Remember, C does not produce very many restrictions on the order in which side effects may happen, so be careful.

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what is the difference between *y++ and ++*y?

In case of expression *y++ and *z++; because the postfix version ++ takes precedence over *, the compiler sees this as;

*(y++) = *(z++);

In case of ++*y; compiler sees this as ++(*p) and it will first increment the value of the object it points to ( x in this case) and then return its incremented value.

Summary table for other possibilities;

Expression                 Meaning
-------------------------------------------------------------------------------------
*y++ or *(y++)         Value of expression is *y before increment; increment y latter
(*y)++                 Value of expression is *y before increment; increment *t later
*++y or *(++y)         Increment y first; value of expression is *y after increment
++*y or ++(*y)         Increment *y first; value of expression is *y after increment

EDIT: As pointed out by Eric Lippert in his comment that saying: value of expression is *y before increment, increment y later is misleading, I want to clarify here that the words I used latter and after to emphasize that previous or next value of *y, respectively, will be used in expressions.
Note that, the side-effect can be produced in any order, either side-effect produce first and value assigned latter or value assigned first and side-effect produce latter. For more detail read the answers :-- 1, 2 given by Eric Lippert.

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first remove horizontal scroll.. –  Grijesh Chauhan Jul 31 '13 at 19:17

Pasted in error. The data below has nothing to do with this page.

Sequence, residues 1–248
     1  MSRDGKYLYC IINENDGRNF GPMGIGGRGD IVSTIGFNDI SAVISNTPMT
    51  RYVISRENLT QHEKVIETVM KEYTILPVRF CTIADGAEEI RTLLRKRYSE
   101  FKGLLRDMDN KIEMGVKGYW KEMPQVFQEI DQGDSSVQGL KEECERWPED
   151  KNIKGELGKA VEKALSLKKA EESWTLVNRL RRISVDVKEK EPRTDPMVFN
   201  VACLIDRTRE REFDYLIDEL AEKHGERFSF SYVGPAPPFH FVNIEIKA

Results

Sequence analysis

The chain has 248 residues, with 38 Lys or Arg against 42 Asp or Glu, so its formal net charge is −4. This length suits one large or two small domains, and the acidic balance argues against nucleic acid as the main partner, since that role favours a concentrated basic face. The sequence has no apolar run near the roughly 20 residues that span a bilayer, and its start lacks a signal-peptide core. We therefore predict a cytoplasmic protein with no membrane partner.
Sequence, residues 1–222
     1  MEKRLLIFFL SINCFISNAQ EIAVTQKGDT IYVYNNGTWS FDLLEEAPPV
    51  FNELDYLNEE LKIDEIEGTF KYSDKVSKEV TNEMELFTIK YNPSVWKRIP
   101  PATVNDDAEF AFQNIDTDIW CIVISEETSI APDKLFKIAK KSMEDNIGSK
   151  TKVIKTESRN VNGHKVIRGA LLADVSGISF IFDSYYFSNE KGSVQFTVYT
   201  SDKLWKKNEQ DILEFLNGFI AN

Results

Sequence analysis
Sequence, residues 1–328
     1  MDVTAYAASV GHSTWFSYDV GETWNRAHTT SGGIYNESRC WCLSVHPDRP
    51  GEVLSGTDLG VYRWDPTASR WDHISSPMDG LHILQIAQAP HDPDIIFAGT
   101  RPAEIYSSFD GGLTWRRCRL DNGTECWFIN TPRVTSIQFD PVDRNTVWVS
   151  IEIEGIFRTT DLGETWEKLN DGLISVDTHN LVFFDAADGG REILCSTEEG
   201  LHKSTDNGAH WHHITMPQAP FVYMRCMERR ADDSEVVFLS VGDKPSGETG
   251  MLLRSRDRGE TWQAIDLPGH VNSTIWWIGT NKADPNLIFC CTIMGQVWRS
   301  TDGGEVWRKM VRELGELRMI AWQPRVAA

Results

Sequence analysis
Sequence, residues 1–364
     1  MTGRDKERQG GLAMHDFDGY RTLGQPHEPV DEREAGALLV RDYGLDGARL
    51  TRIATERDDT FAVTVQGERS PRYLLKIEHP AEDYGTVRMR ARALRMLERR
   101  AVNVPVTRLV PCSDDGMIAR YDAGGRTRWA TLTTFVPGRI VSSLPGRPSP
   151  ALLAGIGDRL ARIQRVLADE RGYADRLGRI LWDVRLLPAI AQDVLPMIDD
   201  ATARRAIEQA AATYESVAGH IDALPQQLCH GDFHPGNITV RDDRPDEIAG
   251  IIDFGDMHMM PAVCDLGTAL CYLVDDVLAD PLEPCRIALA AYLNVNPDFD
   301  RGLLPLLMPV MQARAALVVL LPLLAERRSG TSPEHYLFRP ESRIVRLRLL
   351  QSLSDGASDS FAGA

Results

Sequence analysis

do you think *y++ == *(y++) ? –  Grijesh Chauhan Jul 31 '13 at 19:17
2  
then you are correct lol +1 –  Grijesh Chauhan Jul 31 '13 at 19:19
1  
This answer confuses the values that are operated on with the order that the side effects are produced in. C does not mandate a particular order for those side effects, so when you say "value of expression is *y before increment, increment y later", that's misleading. C is allowed to do the increment first as long as the original value has been saved somewhere. –  Eric Lippert Aug 1 '13 at 18:24
1  
@haacks: many people believe what you did, and it is legal for that to be true, but it is not required for it to be true. C# is as you describe. When the increment expression is evaluated the variable is determined, the original value is determined, the new value is determined, and the variable is updated, in that order. The value of the expression is either the new or the old value, depending on whether it was postfix or prefix. –  Eric Lippert Aug 2 '13 at 4:43

I trust that you understand what the operators ++ and * means when used separately. When used together then operator precedence comes into play. In C++ the ++ operator has a higher precedence than the * operator. So effectively *y++ means *(y++) and ++y* means (++y)*. I hope this helps.

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1  
There is a bug in SO. I wrote "*(y++)" and can clearly see it when I go to edit but yet it only displays "(y++)". –  Thomas Nguyen Jul 31 '13 at 19:05
    
Not a bug: read: stackoverflow.com/editing-help –  Grijesh Chauhan Jul 31 '13 at 19:12
    
It's not a bug. * has special in the editor. Read the faq on that. I edited to make it clear...And welcome to SO. –  Blue Moon Jul 31 '13 at 19:13
1  
He is asking for ++*y, not ++y*! –  haccks Jul 31 '13 at 19:15